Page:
Gained Life Expectancy: How Much Extra Time Will Cancer Treatments Give Us?
When you learn your dog has cancer, the more information you can get the better. You will want to have a clear understanding about the cost of treatment, expectations about quality of life, the potential side effects or adverse reactions associated with treatment, and the life expectancy with or without treatment. Knowledge about the life expectancy versus gained life expectancy with cancer treatments will empower you to make the most informed decision for your dog.
- Gained life expectancy is the increase in the length of time that is obtained with a certain cancer treatment such as surgery, chemotherapy, radiation therapy, or immunotherapy.
- Increasing life expectancy is a good thing. We all want more time with those we love. There is usually some gain in life expectancy with standard cancer treatments. However, this gain must be weighed heavily with quality of life for the dog, cost of treatments, and possible side effects or adverse reactions.
How Long Can a Dog Live with Cancer?
Life expectancy, as it relates to dog cancer, is the amount of time a canine is expected to live after a cancer diagnosis. Gained life expectancy is the increase in the length of time that is obtained with a certain cancer treatment such as surgery, chemotherapy, radiation therapy, or immunotherapy.
Life expectancy will vary depending on the type and stage of cancer. Gained life expectancy will vary depending upon the type of treatments you are offered.
Before you decide to pursue treatment of your dog’s cancer, you will want to know if there will be a gain in life expectancy.
Obviously, you want the treatment to increase your dog’s life expectancy beyond what it would be without treatment!
It is important to understand that there are many published studies on how a specific cancer will respond to treatment. It is also important to take into consideration that each dog and their cancer is unique. Published guidelines give predictions of how a dog will respond to a cancer treatment based on studies about other animals diagnosed with similar cancers and the treatments that were given.
The published 2016 AAHA Oncology Guidelines offer a few specific examples of differences between life expectancy and gained life expectancy in dog cancers:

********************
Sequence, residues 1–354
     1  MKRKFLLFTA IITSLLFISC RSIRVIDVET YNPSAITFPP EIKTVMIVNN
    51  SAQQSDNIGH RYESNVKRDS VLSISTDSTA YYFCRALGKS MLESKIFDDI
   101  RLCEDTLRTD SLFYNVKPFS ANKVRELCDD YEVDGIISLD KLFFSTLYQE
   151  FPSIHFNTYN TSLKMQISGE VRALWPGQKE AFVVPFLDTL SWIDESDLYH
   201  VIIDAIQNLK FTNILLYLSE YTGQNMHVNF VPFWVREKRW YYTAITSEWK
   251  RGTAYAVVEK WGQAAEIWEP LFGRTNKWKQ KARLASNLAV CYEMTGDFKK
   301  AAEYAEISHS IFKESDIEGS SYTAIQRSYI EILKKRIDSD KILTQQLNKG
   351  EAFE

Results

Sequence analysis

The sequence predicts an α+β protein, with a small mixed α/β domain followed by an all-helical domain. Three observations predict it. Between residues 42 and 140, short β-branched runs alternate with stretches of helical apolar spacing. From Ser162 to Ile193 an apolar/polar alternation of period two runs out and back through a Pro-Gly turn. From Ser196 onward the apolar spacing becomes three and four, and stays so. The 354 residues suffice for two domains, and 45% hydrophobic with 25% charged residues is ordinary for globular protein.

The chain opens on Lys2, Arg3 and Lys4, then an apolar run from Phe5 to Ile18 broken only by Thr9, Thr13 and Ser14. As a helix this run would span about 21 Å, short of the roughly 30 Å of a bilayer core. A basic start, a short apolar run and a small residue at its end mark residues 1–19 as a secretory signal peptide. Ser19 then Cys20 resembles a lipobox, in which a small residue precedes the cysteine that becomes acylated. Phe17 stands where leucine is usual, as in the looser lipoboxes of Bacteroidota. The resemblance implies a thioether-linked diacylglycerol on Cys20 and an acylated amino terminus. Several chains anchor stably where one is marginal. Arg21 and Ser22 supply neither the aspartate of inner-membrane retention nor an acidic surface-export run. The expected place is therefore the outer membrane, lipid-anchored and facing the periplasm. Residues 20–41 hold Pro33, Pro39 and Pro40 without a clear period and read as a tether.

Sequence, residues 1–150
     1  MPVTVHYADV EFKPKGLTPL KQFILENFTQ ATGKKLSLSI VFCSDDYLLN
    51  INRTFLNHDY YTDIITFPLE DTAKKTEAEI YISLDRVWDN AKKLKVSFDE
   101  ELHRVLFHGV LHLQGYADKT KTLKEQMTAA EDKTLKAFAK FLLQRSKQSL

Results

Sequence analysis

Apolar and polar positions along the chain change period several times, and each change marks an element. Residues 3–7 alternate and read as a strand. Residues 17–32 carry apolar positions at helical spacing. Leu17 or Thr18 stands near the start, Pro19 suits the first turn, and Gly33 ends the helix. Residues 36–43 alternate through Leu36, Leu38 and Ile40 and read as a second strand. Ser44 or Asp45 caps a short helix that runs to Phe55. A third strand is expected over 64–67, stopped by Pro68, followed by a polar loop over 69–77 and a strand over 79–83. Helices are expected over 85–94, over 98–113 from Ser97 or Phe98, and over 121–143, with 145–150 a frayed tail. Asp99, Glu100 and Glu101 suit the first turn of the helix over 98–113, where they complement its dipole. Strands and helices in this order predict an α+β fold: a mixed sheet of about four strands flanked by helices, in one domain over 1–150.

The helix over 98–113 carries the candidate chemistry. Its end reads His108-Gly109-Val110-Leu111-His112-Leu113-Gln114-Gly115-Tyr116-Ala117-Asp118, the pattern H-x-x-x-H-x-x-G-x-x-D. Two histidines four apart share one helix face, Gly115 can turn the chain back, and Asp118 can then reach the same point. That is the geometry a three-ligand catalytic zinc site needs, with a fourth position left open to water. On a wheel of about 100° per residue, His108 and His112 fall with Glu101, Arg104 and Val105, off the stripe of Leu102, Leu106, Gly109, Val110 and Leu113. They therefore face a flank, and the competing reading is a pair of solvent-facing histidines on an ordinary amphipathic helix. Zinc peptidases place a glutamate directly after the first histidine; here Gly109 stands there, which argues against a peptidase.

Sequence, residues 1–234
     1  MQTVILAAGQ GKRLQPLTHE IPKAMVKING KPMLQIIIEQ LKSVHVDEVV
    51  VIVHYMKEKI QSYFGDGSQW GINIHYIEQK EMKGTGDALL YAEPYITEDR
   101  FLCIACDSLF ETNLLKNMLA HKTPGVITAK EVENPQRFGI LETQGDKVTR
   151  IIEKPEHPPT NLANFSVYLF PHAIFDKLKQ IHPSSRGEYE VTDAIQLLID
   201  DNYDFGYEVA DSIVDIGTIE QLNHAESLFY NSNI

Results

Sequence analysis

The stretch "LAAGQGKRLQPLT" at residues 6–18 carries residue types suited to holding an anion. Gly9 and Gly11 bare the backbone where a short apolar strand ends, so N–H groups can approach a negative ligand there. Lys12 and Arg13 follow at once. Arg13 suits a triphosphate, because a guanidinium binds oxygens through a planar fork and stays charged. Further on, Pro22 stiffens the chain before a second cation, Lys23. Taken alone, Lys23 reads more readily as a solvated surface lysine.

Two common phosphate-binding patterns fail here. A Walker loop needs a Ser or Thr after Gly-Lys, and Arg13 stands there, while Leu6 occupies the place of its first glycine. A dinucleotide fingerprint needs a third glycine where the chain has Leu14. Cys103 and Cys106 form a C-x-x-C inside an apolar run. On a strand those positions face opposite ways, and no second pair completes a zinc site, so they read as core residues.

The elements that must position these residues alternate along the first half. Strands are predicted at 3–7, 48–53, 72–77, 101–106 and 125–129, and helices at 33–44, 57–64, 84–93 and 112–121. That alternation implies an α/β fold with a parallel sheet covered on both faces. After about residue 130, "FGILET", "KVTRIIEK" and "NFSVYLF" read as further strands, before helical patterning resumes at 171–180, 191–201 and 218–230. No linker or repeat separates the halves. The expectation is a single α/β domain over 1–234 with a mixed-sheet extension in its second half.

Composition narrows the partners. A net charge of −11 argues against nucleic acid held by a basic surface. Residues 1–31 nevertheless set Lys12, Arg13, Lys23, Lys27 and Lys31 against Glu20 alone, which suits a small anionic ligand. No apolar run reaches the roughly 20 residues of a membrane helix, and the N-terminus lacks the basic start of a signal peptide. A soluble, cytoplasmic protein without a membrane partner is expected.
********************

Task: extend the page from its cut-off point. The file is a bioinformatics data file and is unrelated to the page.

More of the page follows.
- Lymphoma – The life expectancy of a dog diagnosed with lymphoma is less than 2 months without treatment whereas treatment with CHOP (multi-agent chemotherapy) can yield a gain of life expectancy of approximately 1 year.1
- Osteosarcoma – The life expectancy of a dog diagnosed with osteosarcoma is very short without treatment. Bone cancer is painful without surgical removal of the affected bone and owners often elect euthanasia in a short period of time. Amputation is recommended as a means to alleviate pain. This can extend the life expectancy (in addition to improvement of quality of life) to approximately 5 months. The life expectancy is approximately 1 year with surgery and chemotherapy. Therefore, surgery and chemotherapy yield a gain in life expectancy of approximately 1 year.1
- Splenic Hemangiosarcoma – The life expectancy of a dog diagnosed with intraabdominal bleeding because of hemangiosarcoma of the spleen is also very short without treatment. The mass will continue to bleed, and the patient will be in critical condition without treatment. Surgery must be performed to get the bleeding to stop. The gained life expectancy can increase to 1.5-3 months with a splenectomy (surgical removal of the spleen) alone. The gained life expectancy of a dog that underwent splenectomy that also goes through chemotherapy increases to 6 months.1
Ask Your Veterinarian About Gained Life Expectancy
There is usually some gain in life expectancy with standard cancer treatments, and your veterinarian should be able to give you an idea of what to expect in your dog’s case.
However, this gain must be weighed heavily with additional information such as quality of life for the dog, cost of treatments, and possible side effects or adverse reactions.
It’s also important to remember that these numbers are general and do not apply to every single dog with your dog’s cancer. We wish there were guarantees, but there are not.
It will be up to you to evaluate all these factors to determine if cancer treatments are right for you and your dog.2
- Biller B, Berg J, Garrett L, et al. 2016 AAHA Oncology Guidelines for Dogs and Cats. Journal of the American Animal Hospital Association. Jul-Aug 2016;52(4):181-204.
- Bergmann M, Sauter-Louis C, Hirschberger J. Lebensqualität und Lebenserwartung am malignen Lymphom erkrankter Hunde unter Chemotherapie. Eine Besitzerumfrage [Quality of life and life expectancy of dogs undergoing chemotherapy for malignant lymphoma. An owner survey]. Tierarztl Prax Ausg K Kleintiere Heimtiere. 2011;39(4):229-236.
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